Earlier this month, hundreds of people attended the Cool Product Expo, hosted annually by the Graduate School of Business (GSB). The event, held at the Frances C. Arrillaga Alumni Center, showcased more than 40 companies and products at the cutting edge of technology and design.
“We selected these based on outstanding innovation in either technology, manufacturing or design,” said first-year MBA student DANIEL CHEN, one of six GSB students who organized the event. Chen and his classmates anticipate that these products, from foldable kayaks to electric skateboards to telepresence robots, are items that will top wish lists in 2013.
There were several clever gizmos from startups founded by Stanford students, graduates or faculty.
Boosted Boardsoffers the world’s lightest electric vehicle, a battery-powered skateboard that was born on campus by co-founders
JOHN ULMEN, SANJAY DASTOOR and MATTHEW TRAN. The battery-powered motor takes the board up to 20 mph and runs about 6 miles on a single charge. Regenerative brakes top off the battery as you go, or the plug-in battery recharges in about an hour. Supported in part by a strong KickStarter campaign, the company will ship out the first production boards in the coming months.
Another electric vehicle startup, Faraday Bicycles, was founded by Stanford grad ADAM VOLLMER. While working at IDEO, Vollmer began designing the vintage European courier-style electric bike as a way to attract people to commuting by bicycle. Vollmer refined the design with the help of ANDREW TAYLOR, a graduate of Stanford’s product design program and the company’s lead mechanical engineer. The plug-in bicycle provides 20 miles of pedal-assisted power, making climbing even San Francisco’s hills a breeze.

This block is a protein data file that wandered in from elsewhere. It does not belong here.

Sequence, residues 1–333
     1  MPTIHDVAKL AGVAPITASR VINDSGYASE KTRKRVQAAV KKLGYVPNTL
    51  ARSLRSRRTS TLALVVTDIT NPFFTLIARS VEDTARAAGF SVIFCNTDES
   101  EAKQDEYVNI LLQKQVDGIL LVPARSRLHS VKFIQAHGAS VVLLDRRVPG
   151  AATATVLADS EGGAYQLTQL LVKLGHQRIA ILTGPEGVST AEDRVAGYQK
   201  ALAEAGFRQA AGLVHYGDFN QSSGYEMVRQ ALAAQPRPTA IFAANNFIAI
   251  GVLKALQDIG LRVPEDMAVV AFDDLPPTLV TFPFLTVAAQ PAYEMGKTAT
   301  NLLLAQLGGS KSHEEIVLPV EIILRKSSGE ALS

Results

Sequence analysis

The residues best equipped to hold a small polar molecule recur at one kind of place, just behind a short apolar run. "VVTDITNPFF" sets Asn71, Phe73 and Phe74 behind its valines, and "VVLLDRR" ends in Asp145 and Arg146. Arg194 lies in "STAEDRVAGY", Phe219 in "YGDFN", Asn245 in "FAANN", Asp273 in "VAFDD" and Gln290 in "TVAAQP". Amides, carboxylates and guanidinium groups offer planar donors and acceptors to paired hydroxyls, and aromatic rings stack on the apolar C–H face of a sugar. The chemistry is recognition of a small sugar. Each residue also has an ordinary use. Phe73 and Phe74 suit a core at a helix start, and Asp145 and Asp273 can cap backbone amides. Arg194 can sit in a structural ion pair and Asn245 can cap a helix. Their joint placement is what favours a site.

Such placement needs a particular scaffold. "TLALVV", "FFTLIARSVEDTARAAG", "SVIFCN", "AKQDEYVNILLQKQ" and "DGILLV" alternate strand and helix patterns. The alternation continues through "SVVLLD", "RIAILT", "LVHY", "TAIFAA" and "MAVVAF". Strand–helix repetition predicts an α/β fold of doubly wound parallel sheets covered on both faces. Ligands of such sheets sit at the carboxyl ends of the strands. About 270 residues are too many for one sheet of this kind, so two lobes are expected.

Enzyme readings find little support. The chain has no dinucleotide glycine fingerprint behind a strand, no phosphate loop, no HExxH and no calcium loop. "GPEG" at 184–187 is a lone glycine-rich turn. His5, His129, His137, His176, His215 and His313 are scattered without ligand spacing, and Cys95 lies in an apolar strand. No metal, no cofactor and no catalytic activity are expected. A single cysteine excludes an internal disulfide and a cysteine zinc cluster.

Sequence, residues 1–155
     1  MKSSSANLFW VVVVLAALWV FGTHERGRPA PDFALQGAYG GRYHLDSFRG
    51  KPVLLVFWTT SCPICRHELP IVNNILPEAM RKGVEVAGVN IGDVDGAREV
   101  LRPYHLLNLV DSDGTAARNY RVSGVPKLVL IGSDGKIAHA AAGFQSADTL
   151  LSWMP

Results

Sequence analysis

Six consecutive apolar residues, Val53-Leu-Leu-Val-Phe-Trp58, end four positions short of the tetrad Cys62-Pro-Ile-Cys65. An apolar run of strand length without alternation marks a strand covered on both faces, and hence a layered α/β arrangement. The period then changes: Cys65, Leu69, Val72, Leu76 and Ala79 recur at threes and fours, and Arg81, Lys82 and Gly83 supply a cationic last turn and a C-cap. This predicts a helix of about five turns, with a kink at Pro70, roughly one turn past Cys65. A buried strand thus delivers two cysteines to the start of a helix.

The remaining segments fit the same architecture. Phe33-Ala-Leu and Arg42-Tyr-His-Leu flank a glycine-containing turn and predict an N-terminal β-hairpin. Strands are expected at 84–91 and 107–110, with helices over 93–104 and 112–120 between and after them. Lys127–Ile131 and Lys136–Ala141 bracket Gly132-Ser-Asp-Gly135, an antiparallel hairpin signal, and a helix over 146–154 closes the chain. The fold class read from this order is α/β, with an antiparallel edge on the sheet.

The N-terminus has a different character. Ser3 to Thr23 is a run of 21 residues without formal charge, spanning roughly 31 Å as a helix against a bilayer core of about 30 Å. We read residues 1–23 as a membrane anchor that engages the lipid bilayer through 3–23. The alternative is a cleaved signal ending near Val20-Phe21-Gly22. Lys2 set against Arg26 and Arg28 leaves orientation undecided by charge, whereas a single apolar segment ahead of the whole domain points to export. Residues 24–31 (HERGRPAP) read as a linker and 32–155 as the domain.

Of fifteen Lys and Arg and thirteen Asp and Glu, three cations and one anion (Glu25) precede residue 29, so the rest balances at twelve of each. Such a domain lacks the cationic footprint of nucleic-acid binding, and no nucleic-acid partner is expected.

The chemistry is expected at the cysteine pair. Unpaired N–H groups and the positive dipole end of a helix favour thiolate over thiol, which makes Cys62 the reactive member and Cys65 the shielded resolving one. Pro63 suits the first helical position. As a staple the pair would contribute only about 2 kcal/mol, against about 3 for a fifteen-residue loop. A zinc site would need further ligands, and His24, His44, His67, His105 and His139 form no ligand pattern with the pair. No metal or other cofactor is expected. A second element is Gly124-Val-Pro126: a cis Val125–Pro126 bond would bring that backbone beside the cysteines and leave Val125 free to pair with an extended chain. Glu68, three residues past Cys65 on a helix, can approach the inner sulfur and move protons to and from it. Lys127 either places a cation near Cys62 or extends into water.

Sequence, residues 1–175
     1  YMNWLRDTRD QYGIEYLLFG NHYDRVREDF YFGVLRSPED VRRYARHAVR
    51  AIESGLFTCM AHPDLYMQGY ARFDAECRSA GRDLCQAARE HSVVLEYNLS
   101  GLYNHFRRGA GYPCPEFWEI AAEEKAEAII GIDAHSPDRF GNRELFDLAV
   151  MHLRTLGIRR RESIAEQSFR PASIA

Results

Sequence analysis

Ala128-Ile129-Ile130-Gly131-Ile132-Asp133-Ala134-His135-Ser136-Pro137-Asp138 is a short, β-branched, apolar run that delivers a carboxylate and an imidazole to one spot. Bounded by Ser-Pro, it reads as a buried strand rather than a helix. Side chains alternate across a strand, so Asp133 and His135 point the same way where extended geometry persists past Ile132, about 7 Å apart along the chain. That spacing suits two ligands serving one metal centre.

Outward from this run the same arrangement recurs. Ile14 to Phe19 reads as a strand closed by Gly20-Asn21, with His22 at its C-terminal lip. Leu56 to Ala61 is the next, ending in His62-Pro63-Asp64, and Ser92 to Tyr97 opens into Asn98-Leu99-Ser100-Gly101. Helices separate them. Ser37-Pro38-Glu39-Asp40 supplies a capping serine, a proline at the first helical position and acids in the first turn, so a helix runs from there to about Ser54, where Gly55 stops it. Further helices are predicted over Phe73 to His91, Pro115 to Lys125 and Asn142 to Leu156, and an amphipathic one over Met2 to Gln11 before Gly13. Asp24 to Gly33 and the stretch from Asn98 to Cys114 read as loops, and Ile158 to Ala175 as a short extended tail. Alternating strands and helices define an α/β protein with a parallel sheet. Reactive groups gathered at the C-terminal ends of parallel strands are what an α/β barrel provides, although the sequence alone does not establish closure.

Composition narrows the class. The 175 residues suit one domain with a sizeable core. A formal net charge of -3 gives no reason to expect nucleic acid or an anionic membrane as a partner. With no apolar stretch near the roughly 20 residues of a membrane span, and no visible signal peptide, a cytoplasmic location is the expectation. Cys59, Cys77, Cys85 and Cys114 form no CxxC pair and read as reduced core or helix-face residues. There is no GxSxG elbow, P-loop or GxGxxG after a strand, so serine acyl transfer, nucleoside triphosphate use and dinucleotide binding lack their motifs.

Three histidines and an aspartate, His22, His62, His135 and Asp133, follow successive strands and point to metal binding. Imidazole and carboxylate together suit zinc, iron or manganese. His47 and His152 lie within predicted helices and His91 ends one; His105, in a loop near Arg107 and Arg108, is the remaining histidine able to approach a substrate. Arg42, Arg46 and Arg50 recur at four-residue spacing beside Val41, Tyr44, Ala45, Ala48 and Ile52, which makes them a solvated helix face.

The booth for Instacube, a photo-sharing device from a company co-founded by BILL BURNETT, the executive director of the Stanford Design Program and a consulting assistant professor, and Stanford grad ANDY BUTLER, also drew a large crowd. The digital picture frame-like device displays a customizable photostream of content uploaded to various social networks by you or your friends. The touchscreen frame has potential outside of the home, too: Chef JAMIE OLIVER will soon be deploying the device on tabletops in his restaurants to serve as a sort of “digital sommelier” to help diners pair foods and wines.
Here’s a quick snapshot of other companies with strong ties to Stanford that were on hand at this year’s Cool Product Expo.
Freebord, another skateboard company, offers boards with wheels attached to swiveling axles, allowing for smooth free-ride steering.
Revolights has developed futuristic lighting solutions for bicycle wheels to make riders more visible at night, and to make bikes look incredibly cool.
Motrr offers a rotating platform designed to make video-conferencing with iPhones a smoother experience.
Clean Bottle, the company that launched a sports water bottle that opens on both ends for easier scrubbing, showed off the latest addition to its lineup, an aluminum bottle called The Square.
Artiphany shared a new augmented reality greeting card that can be programmed with personalized messages.
Radian, by Alpine Labs, is an iPhone- and Android-enabled tripod attachment that makes time-lapse photography a cinch.
Stealth HD presented a system that stitches together video from multiple cameras into a seamless high-resolution panoramic video.
Sifteo demonstrated its tiny intelligent videogame cubes, which have been a hit among the gaming community.
Tegu showcased the company’s children’s wooden building blocks, which are made from sustainable materials and snap together with magnets.